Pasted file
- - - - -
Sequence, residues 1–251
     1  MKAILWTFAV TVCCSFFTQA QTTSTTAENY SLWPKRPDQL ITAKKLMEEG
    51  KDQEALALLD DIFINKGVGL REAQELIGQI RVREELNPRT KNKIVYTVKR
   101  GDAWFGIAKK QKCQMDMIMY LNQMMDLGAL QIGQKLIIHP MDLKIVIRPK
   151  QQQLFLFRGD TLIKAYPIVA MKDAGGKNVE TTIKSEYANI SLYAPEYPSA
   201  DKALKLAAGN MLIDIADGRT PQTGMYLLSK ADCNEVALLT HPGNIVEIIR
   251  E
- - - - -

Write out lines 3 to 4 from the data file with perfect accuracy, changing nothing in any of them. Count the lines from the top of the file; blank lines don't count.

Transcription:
    51  KDQEALALLD DIFINKGVGL REAQELIGQI RVREELNPRT KNKIVYTVKR
   101  GDAWFGIAKK QKCQMDMIMY LNQMMDLGAL QIGQKLIIHP MDLKIVIRPK